And that's what got me. The fact that, sure, I understand the animals were unpredictable. But when most of them were staying in the fence, and basically just sitting there, they couldv'e waited for like a minute longer. That stupid freakin order, to shoot every animal seen, well that made me cry.
At the end, the people had shot approxminatly 1% of India's Tiger population. Nearly every animal had been killed, with only six saved.
So yeah. I was pretty cut up about it. Yeah, it happened years ago.
But all the animals slaughtered were buried in a mass grave at the farm where they died.
It just bothered me, cause you know, they weren't gonna NOT attack, I know that. But there was a chance they would've saved one tiger at the very least. But they gave the order to kill, instead of wait and see.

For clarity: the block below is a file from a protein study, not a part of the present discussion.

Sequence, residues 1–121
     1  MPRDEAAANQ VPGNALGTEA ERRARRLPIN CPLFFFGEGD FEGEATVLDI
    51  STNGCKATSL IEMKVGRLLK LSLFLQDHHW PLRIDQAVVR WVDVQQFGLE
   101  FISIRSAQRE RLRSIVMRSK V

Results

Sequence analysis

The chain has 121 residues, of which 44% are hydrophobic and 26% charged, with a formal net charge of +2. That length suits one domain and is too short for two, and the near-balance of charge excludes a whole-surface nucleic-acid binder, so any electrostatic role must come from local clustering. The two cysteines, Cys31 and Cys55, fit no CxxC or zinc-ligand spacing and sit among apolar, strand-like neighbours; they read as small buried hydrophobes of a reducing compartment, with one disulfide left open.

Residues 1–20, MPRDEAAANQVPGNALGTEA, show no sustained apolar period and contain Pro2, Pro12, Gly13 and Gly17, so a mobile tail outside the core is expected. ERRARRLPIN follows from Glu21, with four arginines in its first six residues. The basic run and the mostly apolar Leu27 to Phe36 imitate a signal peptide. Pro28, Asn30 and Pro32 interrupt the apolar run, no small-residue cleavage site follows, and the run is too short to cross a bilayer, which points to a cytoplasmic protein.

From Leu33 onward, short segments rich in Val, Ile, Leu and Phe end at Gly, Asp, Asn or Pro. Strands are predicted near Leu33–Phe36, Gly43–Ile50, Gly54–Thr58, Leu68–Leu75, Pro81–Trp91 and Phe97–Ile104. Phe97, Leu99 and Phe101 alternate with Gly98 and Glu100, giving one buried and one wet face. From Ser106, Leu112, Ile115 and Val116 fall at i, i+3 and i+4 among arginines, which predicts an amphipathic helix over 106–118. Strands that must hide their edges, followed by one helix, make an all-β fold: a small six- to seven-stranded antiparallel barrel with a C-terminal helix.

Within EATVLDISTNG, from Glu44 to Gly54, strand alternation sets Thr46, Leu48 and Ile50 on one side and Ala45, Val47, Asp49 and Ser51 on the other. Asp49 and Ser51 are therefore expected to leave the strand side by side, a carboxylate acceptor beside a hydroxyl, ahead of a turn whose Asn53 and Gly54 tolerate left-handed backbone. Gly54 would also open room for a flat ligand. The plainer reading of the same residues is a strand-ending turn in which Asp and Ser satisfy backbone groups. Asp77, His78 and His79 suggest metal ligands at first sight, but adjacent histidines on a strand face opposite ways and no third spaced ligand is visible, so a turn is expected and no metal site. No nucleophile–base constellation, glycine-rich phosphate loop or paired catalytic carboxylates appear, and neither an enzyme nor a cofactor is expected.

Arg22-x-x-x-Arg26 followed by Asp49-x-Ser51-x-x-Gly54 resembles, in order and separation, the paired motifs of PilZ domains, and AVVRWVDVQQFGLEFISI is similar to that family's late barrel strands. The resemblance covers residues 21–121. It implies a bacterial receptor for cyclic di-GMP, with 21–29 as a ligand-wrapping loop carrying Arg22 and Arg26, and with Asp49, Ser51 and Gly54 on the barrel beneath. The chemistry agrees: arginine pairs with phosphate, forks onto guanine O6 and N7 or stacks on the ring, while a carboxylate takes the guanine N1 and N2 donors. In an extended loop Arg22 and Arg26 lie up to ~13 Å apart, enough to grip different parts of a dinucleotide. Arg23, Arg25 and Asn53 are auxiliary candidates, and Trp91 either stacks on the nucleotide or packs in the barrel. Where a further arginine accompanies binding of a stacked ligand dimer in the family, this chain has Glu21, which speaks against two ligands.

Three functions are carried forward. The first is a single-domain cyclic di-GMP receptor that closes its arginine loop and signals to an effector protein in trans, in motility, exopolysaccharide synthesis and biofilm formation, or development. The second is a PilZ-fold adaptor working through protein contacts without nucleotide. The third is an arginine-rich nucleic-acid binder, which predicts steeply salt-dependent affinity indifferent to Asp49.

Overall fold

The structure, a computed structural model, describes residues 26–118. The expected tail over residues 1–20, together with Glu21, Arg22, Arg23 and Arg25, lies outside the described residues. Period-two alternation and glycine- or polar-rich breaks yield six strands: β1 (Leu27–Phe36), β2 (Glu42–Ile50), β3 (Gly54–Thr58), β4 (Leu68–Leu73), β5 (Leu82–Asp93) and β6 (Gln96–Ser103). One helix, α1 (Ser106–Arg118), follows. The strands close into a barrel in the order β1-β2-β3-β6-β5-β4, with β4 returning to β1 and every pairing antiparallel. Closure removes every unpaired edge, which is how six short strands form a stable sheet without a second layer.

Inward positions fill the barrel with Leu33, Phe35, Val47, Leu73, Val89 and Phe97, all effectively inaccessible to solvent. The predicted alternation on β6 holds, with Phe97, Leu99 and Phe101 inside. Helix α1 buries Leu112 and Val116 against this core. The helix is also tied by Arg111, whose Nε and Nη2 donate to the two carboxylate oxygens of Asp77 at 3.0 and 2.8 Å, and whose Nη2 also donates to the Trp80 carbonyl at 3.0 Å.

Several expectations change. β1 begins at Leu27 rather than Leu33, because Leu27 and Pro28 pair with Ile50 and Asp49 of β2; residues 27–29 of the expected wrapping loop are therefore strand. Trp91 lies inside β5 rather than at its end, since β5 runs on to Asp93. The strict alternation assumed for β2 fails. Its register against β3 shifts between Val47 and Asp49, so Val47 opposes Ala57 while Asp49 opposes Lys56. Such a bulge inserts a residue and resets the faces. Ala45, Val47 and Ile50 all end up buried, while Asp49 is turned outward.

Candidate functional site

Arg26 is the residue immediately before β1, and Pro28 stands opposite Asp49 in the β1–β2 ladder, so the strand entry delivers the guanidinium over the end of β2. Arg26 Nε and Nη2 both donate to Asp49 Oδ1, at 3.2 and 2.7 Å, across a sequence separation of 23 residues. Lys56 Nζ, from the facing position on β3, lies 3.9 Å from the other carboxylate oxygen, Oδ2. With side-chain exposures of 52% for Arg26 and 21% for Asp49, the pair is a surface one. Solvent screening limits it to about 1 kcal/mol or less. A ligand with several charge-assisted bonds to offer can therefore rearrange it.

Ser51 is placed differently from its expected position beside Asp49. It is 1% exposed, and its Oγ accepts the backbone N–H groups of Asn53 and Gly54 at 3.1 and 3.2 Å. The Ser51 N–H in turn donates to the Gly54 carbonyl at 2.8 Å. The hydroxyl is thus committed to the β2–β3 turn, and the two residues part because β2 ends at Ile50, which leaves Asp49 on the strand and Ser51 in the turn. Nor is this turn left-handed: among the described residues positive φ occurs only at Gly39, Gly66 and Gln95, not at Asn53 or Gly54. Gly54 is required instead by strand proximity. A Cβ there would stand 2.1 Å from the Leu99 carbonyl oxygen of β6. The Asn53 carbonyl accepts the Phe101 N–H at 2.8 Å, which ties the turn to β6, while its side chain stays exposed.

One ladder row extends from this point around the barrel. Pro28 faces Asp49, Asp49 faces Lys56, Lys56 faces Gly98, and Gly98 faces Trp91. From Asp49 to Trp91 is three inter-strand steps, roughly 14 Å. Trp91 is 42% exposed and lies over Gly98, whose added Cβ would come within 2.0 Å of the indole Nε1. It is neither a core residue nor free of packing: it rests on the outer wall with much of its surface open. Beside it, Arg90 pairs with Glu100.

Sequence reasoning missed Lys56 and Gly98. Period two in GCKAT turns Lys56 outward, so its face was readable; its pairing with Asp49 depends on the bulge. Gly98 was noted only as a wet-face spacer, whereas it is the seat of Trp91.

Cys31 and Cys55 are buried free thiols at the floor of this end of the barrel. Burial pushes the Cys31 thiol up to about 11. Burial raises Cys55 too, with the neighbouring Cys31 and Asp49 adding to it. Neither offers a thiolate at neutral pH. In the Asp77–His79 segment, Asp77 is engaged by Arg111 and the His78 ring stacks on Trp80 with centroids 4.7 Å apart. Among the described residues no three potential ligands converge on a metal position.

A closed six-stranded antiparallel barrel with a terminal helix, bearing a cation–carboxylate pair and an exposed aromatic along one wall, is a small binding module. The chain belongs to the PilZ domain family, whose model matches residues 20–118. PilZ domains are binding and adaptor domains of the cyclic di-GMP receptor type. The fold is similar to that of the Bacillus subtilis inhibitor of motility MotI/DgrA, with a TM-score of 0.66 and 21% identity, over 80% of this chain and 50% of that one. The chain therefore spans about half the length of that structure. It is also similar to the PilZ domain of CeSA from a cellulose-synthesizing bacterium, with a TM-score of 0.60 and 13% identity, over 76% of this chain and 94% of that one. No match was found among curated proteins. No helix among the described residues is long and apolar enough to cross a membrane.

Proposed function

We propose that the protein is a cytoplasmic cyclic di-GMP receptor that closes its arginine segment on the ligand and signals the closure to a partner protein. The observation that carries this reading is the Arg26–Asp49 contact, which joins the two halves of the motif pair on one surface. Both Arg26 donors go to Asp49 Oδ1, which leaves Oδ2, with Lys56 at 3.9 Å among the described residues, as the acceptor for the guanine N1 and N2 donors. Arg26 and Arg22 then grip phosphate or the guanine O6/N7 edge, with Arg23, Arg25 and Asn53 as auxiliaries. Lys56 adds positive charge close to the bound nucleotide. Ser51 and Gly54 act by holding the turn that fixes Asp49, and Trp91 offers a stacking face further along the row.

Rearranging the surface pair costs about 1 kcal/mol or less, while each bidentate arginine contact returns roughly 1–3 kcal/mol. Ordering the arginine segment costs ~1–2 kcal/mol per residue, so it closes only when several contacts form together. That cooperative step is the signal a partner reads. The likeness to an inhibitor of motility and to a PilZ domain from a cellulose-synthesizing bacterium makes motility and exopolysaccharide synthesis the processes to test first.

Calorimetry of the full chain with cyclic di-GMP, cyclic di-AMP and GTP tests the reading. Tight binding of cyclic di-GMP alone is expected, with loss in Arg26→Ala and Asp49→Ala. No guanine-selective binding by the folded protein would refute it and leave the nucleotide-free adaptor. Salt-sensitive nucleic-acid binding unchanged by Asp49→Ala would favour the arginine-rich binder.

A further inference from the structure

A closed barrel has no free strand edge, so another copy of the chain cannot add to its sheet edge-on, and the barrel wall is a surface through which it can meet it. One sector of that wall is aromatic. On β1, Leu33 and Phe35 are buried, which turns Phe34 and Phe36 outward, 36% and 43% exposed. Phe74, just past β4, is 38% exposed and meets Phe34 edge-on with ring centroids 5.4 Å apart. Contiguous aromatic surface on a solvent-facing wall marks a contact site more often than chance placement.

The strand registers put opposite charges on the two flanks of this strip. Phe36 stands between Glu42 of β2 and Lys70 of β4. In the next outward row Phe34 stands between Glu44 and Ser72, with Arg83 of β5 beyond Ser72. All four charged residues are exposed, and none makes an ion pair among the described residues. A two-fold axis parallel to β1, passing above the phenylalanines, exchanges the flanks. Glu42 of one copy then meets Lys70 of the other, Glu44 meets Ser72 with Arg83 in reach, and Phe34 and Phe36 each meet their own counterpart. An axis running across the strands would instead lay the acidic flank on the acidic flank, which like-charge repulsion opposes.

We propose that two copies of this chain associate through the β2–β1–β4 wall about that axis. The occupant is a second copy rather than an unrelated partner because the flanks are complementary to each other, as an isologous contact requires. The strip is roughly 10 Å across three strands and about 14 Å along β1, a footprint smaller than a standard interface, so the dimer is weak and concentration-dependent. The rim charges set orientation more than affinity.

Yeah. So that's my rant. I suppose it doesn't really make sense, but Terry let those animals out, and then he didn't deal with what he knew would happen. It all happened because Ohio back then had little or no laws against the keeping of wild and dangerous animals, and they care that they should have been in. If they had made laws against it, this hoarder wouldn't have been able to have as many animals as he did, or even none at all, and these poor animals wouldn't have had to die. Even if he had NOT let the animals out.
I just really like tigers XD Their graceful, and majestic, and beautiful. I've always loved them. And the fact I was born in the Year of the Tiger, well that always made me love them even more. The fact their nearly extinct, well it just makes me feel sad anyone would want to hurt them. So when I saw the fact they killed 18 tigers, it really made me think about the whole thing. I might be the only one who feels that the whole thing was wrong and sick, but I needed to get this off my chest.